Markets
THO

The Recreational Vehicle Industry: Investing Essentials

Source: Recreational Vehicle Industry Association.

The retail value of the approximately 286,000 RVs shipped in 2012, the last year for which full numbers are available, was about $10.84 billion, according to the RVIA.

How does the recreational vehicle industry work?

Once upon a time, the RV industry had no dominant player. Instead, a long list of small companies marketed their products and made steady profits.

But like many other industries, a wave of consolidation has resulted in a few key players, each of which controls several long-lived brands.

Indiana-based Thor Industries owns the famous Airstream brand, as well as Dutchmen, Crossroads RV, Keystone, the Thor motor home brand, and several others. Thor posted net income of $152.9 million in fiscal year 2013 on revenues of $3.2 billion.

In addition to its famous namesake brand, Winnebago owns the Itasca motor home and Sunny Brook trailer brands, as well as MetroLink, a line of small buses. In fiscal year ended 2013, Winnebago posted net income of $32.0 million on revenues of $803.2 million.

Other players include privately held Allied Specialty Vehicles, which owns several motor home brands (including Fleetwood and Monaco) as well as a long list of fire truck, bus, and commercial vehicle brands; Jayco, which has expanded beyond its pop-up trailers into premium towables and motor homes; and Forest River, a Berkshire Hathaway company that controls the Coachmen and Dynamax RV brands, among others.

What drives the recreational vehicle industry?

Like the auto industry, the recreational-vehicle industry is cyclical -- sales and profits tend to follow economic cycles closely.

And while RV purchases are more "lifestyle" than necessity for most, RV sales tend to follow auto sales fairly closely. There's a good reason for that: Both are driven to some extent by consumers' willing to spend, and by the availability of financing.

Sources: RVIA, .

Sources: RVIA, Automotive News .

But despite the outsized prices on the most luxurious models, RV manufacturers' profit margins are fairly slim, similar to those seen among automakers. Winnebago's pre-tax profit margin was 6.6% in the most recent quarter, while rival Thor Industries did somewhat better, but only somewhat, with a 7.9% pre-tax margin.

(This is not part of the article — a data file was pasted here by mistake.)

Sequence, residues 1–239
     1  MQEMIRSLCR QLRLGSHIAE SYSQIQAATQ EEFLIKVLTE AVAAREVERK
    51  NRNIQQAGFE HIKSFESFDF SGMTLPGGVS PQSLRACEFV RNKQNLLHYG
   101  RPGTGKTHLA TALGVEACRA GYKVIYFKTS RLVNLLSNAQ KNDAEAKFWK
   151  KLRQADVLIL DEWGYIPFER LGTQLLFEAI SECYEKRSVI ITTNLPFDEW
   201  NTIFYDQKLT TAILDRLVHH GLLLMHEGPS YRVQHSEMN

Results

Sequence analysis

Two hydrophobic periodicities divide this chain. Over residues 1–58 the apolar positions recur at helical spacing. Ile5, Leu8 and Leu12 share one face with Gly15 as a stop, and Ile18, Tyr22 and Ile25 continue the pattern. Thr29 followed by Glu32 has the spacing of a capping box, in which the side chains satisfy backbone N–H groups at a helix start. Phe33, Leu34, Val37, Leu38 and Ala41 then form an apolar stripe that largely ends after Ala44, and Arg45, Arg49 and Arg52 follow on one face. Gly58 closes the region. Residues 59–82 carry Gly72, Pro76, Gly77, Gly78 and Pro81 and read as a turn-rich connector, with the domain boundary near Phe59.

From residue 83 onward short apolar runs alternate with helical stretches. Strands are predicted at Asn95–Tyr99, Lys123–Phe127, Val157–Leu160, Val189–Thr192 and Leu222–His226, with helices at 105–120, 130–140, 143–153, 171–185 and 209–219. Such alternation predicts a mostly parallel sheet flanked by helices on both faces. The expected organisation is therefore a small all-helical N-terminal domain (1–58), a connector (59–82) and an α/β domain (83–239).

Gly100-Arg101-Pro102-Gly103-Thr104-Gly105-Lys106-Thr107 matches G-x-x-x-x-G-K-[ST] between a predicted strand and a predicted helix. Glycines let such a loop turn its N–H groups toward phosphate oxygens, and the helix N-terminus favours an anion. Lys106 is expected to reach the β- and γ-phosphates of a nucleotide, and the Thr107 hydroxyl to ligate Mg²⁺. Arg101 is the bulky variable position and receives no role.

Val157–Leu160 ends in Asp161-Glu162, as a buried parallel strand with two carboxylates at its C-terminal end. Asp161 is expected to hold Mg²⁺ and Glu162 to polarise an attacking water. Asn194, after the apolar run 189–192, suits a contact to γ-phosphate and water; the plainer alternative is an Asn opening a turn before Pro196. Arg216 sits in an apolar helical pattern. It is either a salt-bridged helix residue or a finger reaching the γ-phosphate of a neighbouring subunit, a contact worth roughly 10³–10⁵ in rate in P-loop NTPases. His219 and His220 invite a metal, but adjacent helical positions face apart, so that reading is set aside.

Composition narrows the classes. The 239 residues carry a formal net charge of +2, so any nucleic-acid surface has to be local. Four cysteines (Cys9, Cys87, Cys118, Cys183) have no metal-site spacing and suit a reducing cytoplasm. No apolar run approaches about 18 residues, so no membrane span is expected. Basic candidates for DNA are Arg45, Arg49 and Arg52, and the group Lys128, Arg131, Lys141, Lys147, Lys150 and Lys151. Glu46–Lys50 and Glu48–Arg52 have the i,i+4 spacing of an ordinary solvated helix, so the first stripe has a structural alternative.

And RVs remain popular. While sales haven't quite recovered to their pre-recession peak, a lot of people own RVs. The RVIA cites a 2011 study showing that about 8.5% of American households owned an RV, with the fastest growth happening in the 35-54 age demographic.

What are the investing opportunities in the recreational vehicleindustry?

For investors interested in a "pure play" in the RV space, both Thor and Winnebago offer intriguing opportunities. Both are solidly profitable, with well-recognized brand names and a growing presence in the higher-margin premium tiers of the business. Shares of both companies have enjoyed a solid run since the trough of the last recession but have fallen back a bit recently. Thor pays a small dividend; Winnebago does not.

But investors tempted to bet on RVs should keep in mind that, like the auto business, RVs are a cyclical industry with high fixed costs -- but unlike autos, which are a necessity for many, RVs are a genuinely discretionary purchase for most. Share prices of these companies will be very vulnerable to changes in the economic winds.

Warren Buffett's worst automotive nightmare (Hint: It's not Tesla Motors!)

A major technological shift is happening in the automotive industry. Most people are skeptical about its impact. Warren Buffett isn't one of them. He recently called it a "real threat" to one of his favorite businesses. An executive at Ford called the technology "fantastic." The beauty for investors is that there is an easy way to ride this megatrend. Click here to access our exclusive report on this stock.

The article The Recreational Vehicle Industry: Investing Essentials originally appeared on Fool.com.

John Rosevear owns shares of Ford. The Motley Fool recommends and owns shares of Berkshire Hathaway, Ford, and Tesla Motors. Try any of our Foolish newsletter services free for 30 days . We Fools don't all hold the same opinions, but we all believe that considering a diverse range of insights makes us better investors. The Motley Fool has a disclosure policy .

Copyright © 1995 - 2014 The Motley Fool, LLC. All rights reserved. The Motley Fool has a disclosure policy .

The views and opinions expressed herein are the views and opinions of the author and do not necessarily reflect those of Nasdaq, Inc.


The views and opinions expressed herein are the views and opinions of the author and do not necessarily reflect those of Nasdaq, Inc.

In This Story

THO WGO

Other Topics

Stocks

Latest Markets Videos

    The Motley Fool

    Founded in 1993 in Alexandria, VA., by brothers David and Tom Gardner, The Motley Fool is a multimedia financial-services company dedicated to building the world's greatest investment community. Reaching millions of people each month through its website, books, newspaper column, radio show, television appearances, and subscription newsletter services, The Motley Fool champions shareholder values and advocates tirelessly for the individual investor. The company's name was taken from Shakespeare, whose wise fools both instructed and amused, and could speak the truth to the king -- without getting their heads lopped off.

    Learn More